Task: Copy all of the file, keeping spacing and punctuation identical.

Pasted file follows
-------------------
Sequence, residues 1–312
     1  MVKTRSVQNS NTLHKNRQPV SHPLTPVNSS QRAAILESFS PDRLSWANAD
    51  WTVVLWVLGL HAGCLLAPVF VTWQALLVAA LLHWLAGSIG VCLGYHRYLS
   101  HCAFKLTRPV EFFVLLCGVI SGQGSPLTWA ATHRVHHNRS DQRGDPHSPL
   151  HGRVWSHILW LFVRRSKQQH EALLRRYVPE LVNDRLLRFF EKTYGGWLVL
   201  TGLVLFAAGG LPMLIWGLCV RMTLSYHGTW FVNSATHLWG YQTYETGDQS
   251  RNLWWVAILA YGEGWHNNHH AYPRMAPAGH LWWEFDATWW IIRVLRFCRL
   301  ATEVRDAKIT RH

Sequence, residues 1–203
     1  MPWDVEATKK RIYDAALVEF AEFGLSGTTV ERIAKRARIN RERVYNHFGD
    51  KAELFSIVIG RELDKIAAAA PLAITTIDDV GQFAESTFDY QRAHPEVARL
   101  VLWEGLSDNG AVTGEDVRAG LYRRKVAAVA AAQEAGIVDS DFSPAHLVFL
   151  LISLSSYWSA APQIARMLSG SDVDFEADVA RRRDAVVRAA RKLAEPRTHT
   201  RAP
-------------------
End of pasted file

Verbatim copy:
Sequence, residues 1–312
     1  MVKTRSVQNS NTLHKNRQPV SHPLTPVNSS QRAAILESFS PDRLSWANAD
    51  WTVVLWVLGL HAGCLLAPVF VTWQALLVAA LLHWLAGSIG VCLGYHRYLS
   101  HCAFKLTRPV EFFVLLCGVI SGQGSPLTWA ATHRVHHNRS DQRGDPHSPL
   151  HGRVWSHILW LFVRRSKQQH EALLRRYVPE LVNDRLLRFF EKTYGGWLVL
   201  TGLVLFAAGG LPMLIWGLCV RMTLSYHGTW FVNSATHLWG YQTYETGDQS
   251  RNLWWVAILA YGEGWHNNHH AYPRMAPAGH LWWEFDATWW IIRVLRFCRL
   301  ATEVRDAKIT RH

Sequence, residues 1–203
     1  MPWDVEATKK RIYDAALVEF AEFGLSGTTV ERIAKRARIN RERVYNHFGD
    51  KAELFSIVIG RELDKIAAAA PLAITTIDDV GQFAESTFDY QRAHPEVARL
   101  VLWEGLSDNG AVTGEDVRAG LYRRKVAAVA AAQEAGIVDS DFSPAHLVFL
   151  LISLSSYWSA APQIARMLSG SDVDFEADVA RRRDAVVRAA RKLAEPRTHT
   201  RAP